Love, lust, and angst were among the biggest subjects of teen love songs back in the 50s and early 60s at a time where the idols of the day – no longer your mom and pop’s crooners – commanded the radio charts. I was luckily exposed to these at a very young age through cassette tapes, specifically the Cruisin’ Classics compilations sold by Shell gas stations in 1989 and 1990 for $1.99 a pop. Each of the six volumes had 10 songs, and my sister and I would sing along loudly to “I Heard It Through The Grapevine” by Marvin Gaye and “Oh, What A Night” by The Dells as we trekked from the East Bay to Sacramento to visit my grandma every weekend.
Lee Fields and Michelle (DJ Mexican Spitfire)
This era remains one of my favorites to collect on 45 and LP and I’ve been honored to have had the opportunity to share the love as a DJ, opening for the legendary Lee Fields and sharing the turntables at a guest DJ with some of Oakland, CA’s most illustrious soul collectives like Suavecito Souldies, Chulita Vinyl Club, B-Side Brujas, along with my own DJ collective On The Real Side. Love songs are what fill dance floors. They bring back memories and conjure a true feeling of love from within.
So what exactly is a lowrider? It’s not only a low-riding car, but it defines a history, music, art form, community, and identity. For over 50 years, East Los Angeles Mexican-American lowriders in search of the perfect soundtrack to complement their leisurely procession have looked to this era of music for a certain feel – the sound of determined and gentle harmonies declaring love, devotion, and sadness that comes with loss set to climactic arrangements and tough rhythm and blues rhythms. Along with neighborhood record collectors and local DJs (most famously Art Laboe), the culture has classified an immeasurably deep catalog of R&B, doo-wop, and harmony soul, by and large known as “oldies. The term “lowrider oldies” is a genre-agnostic loose category that describes a certain sound and tempo characteristic of songs. Many of the songs were collected in the 80s and 90s on Thump Records’ Lowrider Oldies series and the now classic vinyl records called East Side Story, both of which feature pictures of lowriders on their covers. These series compile classic and highly valued soul, doo-wop, and funk songs – think The Penguins, The Four Tops, The Delfonics, Barbara Mason, and Brenton Wood. These compilations, especially the East Side Story comps, continue to be widely popular even today, most notably with the The East Side Story Project, as it highlights the importance of the underground soul classics of the Chicano community and it being synonymous with Chicano cultural nostalgia.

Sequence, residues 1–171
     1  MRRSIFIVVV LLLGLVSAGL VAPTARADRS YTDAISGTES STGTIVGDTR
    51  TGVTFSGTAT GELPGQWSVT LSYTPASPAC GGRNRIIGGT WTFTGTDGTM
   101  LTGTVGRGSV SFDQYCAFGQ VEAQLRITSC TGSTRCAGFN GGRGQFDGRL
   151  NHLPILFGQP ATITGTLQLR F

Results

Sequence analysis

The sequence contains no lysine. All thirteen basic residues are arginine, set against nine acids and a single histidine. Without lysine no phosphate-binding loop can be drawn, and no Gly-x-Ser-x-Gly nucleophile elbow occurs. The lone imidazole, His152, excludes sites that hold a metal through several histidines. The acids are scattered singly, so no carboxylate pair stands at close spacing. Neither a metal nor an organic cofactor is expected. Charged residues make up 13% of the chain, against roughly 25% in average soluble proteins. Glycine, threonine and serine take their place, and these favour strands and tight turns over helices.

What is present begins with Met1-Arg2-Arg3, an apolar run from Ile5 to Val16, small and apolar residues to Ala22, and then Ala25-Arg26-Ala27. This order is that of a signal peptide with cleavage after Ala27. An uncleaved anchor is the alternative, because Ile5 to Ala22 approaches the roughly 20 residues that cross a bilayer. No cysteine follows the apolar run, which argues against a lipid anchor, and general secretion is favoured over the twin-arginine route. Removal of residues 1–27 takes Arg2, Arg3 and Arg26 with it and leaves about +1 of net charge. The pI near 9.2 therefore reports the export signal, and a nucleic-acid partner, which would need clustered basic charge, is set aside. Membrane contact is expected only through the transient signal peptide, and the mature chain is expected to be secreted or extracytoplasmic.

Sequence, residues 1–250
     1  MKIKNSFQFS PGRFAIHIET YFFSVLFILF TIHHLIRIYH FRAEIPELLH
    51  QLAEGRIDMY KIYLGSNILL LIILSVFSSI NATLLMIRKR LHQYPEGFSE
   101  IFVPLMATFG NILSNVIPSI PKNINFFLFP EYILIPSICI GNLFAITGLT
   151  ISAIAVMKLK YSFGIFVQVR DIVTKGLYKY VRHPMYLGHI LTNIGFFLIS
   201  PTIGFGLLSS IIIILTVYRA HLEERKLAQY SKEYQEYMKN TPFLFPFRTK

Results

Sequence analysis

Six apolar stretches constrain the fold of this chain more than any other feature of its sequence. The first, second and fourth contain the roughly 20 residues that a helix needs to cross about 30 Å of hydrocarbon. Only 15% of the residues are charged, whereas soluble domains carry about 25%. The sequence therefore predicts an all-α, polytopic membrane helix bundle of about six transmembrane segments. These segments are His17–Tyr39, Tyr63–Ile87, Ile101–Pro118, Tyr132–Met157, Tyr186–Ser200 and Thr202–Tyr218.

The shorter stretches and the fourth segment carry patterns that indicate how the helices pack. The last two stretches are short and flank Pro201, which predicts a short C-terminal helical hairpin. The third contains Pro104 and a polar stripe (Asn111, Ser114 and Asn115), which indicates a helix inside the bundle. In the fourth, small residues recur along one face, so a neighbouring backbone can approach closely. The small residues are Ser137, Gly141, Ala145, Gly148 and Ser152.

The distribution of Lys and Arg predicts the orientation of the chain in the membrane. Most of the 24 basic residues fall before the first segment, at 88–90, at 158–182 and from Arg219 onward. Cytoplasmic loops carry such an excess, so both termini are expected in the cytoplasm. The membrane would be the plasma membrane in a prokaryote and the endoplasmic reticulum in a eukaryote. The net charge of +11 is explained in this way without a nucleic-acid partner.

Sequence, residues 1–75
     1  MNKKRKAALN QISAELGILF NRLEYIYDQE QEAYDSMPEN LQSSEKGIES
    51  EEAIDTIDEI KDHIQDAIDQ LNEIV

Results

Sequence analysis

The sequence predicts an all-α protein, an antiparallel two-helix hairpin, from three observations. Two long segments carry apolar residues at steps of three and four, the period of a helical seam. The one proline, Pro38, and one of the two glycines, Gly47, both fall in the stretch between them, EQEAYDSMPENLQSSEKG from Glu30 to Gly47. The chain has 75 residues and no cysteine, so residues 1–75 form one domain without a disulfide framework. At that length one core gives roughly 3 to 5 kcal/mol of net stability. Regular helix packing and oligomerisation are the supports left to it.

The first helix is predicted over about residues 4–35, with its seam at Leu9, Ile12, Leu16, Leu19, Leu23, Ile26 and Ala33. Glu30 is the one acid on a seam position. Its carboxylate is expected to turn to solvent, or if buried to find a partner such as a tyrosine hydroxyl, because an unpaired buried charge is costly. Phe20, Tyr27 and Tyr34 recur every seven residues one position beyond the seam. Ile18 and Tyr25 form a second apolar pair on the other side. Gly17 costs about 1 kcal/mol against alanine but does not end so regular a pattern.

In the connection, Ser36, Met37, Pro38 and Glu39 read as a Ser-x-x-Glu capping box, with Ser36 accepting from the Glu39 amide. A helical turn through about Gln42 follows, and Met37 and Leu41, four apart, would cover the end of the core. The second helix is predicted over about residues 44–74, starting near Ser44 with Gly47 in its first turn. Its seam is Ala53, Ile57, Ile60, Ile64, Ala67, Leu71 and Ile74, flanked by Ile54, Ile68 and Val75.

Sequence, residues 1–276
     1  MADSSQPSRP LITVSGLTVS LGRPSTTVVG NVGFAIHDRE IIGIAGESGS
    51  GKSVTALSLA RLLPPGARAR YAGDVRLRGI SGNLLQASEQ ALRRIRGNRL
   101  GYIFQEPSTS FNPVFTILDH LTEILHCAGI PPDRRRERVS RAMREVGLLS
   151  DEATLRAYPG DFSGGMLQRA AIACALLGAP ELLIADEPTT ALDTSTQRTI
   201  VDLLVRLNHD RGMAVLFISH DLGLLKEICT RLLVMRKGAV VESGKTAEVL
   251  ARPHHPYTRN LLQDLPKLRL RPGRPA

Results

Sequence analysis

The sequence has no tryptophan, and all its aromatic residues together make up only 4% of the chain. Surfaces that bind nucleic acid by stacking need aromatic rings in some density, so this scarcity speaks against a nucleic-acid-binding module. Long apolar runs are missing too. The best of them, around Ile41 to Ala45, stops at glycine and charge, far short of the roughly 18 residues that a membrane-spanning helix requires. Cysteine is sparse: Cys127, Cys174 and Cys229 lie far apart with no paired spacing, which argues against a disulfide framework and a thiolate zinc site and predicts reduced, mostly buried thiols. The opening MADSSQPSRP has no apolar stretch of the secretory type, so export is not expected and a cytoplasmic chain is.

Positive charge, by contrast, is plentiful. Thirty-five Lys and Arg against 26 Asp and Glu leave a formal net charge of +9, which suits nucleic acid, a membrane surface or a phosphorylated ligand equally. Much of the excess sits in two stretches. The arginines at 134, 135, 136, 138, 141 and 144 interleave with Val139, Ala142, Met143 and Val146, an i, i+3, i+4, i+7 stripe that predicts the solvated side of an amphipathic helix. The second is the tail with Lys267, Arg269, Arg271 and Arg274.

So sit back, relax, roll down the windows of your special ride with that certain someone, and let the timeless sound of our Lowrider Oldies station go to work. And if you want to dig in a little deeper check out my curated playlist of b-sides, deep cuts, and familiar favorites.